Because of technical and safety issues with using the press, this activity was only available within two-hour daily supervised sessions and was targeted at secondary school students and adults. In some previous sci-art projects, we (Taylor and Rock) have provided multiple print experiences where participants could move around different stations. This was our first time in making an age restriction and, although this 'rule' was broken a few times, we sought to impart an experience and knowledge that engaged with higher-level thinking, not just the wonder of turning the printing press wheel, a delightful outcome for younger participants. Certainly, amongst the 'adults,' we attracted a notable number of secondary students with aspirations for studying science at university, as well as parents who indicated they were grateful for a more sophisticated encounter.

We also wanted to have an activity aimed at children, and this presented its own particular set of challenges. Taylor's 30+ years as an art educator suggested that children have less dexterous skills and, because of our increasingly virtual world of screens and social media, they generally also expect instant gratification. It is difficult to create a quickly achievable, meaningful experience for this group that jogs their awareness of an important issue--one that they can contribute to collectively and that also results in an aesthetic outcome. During early brainstorming creative activities involving scissors, multiple joins or crochet seemed feasible in theory, but we wanted visitors' social interactions to be focused on the science issue, not technical making skills.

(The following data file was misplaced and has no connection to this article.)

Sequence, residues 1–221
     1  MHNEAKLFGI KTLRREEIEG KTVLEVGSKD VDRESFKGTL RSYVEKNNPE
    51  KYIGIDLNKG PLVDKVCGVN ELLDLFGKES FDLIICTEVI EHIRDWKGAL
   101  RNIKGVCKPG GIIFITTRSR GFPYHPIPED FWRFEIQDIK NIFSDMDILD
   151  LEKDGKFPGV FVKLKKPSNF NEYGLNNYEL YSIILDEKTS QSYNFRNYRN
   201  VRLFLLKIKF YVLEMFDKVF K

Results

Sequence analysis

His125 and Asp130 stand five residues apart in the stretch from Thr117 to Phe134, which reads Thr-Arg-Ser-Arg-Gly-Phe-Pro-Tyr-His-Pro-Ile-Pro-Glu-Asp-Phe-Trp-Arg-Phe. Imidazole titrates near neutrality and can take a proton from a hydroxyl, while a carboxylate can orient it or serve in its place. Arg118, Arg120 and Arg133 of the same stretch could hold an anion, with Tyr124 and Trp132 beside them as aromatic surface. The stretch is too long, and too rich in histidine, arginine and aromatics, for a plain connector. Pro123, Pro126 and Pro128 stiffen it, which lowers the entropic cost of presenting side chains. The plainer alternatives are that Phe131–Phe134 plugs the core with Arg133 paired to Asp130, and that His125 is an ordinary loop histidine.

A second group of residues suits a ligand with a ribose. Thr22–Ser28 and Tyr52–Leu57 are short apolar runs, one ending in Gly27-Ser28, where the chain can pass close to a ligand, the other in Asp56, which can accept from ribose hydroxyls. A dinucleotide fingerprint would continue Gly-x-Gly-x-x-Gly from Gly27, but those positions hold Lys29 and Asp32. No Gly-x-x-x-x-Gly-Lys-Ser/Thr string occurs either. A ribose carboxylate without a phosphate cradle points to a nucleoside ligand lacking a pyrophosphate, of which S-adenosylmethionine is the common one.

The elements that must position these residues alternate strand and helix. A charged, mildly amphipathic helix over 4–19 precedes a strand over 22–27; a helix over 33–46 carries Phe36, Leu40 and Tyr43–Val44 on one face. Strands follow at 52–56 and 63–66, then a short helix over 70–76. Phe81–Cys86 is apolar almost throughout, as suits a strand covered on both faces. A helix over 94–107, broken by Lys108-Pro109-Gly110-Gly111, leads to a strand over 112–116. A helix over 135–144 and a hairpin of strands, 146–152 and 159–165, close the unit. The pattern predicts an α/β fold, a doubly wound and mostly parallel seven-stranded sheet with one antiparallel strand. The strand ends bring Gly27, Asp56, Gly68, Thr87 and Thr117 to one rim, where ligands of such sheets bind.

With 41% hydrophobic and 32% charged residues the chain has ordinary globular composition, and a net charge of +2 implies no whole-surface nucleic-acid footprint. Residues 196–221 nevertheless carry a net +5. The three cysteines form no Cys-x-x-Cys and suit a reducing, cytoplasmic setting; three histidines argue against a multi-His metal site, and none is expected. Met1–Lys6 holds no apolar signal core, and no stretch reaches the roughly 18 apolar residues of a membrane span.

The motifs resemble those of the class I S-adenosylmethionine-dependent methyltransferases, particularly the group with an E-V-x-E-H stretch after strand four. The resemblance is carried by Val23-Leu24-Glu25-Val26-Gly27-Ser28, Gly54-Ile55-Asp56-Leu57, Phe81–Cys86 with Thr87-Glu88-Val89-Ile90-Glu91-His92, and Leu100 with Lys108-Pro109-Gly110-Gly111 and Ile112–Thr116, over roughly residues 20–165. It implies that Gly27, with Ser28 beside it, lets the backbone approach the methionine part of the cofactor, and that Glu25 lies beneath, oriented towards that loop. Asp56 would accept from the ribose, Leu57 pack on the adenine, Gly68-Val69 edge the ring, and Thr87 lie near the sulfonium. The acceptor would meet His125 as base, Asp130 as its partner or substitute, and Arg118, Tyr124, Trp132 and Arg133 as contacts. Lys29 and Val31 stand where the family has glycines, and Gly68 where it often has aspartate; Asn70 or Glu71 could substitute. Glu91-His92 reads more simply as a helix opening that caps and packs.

The laser-cut shapes of healthy and unhealthy liths invited being rubbed over with pencil and chalk on paper--an activity young and old could engage in. Individual participants could make rubbings of both healthy and unhealthy liths, but then these needed to come together into a collective expression of whole organisms, in varying states of health. Texture rubbings are most successful on fine paper, and we were challenged to impart the understanding that these shapes formed the armour of the coccolithophores. Thus another early problem to solve involved finding a round, ball-shaped support that could be easily constructed.

As the project ran for a week, the final organisms needed to be large enough to support the collective contribution of many children's lith rubbings. After much experimentation, a workable solution was found in an opportunity shop purchase of two Swiss (exercise) balls. Covering their surfaces with papier mache entailed hours and hours of cutting and gluing strips of paper, but eventually produced two large white balls with an accessible height for children to approach. One was dented to create the look of a damaged coccolithophore. After doing texture rubbings to reveal various stages of disorganisation in lith formation, children (and adults--the whole process became quite addictive) cut out and attached their liths to the corresponding healthy and unhealthy coccolithophore models (Figure 5). These models were subsequently displayed in the Art + Oceans exhibition (Figure 6).


Feedback from participants indicated that although the social art experience was instant, informal and quick, it had an in-depth feel. While this was probably due to several factors, some can be pinpointed. By using printmaking as our common ground, we did not create an 'us vs them' (public vs scientist or expert) divide, so communication was fluid. Providing people with a choice of plates to print encouraged decisive engagement. The take-home prints were packaged with an information pamphlet so people could follow up on scientific specifics after their exhibition visit. It also served as a sort of transactional agreement, whereby artwork being brought home was traded for time spent considering an issue. Over all, inviting people to make prints to build a collective work enhanced the sense of connection.